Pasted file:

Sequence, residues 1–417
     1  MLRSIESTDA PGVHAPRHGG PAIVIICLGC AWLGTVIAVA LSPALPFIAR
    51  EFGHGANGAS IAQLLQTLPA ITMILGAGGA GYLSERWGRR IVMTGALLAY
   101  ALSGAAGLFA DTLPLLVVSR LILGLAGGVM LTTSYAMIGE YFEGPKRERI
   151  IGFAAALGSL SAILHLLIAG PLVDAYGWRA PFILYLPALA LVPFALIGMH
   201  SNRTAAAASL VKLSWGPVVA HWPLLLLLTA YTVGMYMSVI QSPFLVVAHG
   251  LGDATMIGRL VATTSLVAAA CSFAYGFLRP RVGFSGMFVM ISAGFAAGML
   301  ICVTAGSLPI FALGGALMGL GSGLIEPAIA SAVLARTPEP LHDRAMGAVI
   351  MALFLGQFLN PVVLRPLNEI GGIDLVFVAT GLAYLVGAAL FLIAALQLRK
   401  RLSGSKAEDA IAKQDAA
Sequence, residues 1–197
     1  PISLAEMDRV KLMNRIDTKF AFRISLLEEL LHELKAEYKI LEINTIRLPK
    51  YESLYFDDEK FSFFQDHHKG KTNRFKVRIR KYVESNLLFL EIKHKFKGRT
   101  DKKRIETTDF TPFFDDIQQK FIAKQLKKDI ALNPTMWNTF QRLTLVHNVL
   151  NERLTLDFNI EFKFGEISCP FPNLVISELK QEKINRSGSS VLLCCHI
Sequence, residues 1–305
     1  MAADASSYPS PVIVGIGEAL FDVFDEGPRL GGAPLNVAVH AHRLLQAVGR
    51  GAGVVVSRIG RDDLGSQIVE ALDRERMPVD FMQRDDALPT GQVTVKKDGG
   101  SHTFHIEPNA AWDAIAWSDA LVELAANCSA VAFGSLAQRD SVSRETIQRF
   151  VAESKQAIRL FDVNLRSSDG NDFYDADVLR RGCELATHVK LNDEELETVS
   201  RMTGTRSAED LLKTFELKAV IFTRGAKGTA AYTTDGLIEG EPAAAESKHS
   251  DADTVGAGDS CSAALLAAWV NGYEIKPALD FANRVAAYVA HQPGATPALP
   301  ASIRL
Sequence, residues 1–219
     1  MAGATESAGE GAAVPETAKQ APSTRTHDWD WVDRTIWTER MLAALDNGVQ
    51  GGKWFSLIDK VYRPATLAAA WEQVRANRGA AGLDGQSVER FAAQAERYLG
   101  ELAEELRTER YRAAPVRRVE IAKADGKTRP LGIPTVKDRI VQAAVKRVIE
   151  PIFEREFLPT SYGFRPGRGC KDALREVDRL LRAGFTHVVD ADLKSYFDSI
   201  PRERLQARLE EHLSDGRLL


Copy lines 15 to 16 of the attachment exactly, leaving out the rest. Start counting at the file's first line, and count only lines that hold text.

   151  NERLTLDFNI EFKFGEISCP FPNLVISELK QEKINRSGSS VLLCCHI
Sequence, residues 1–305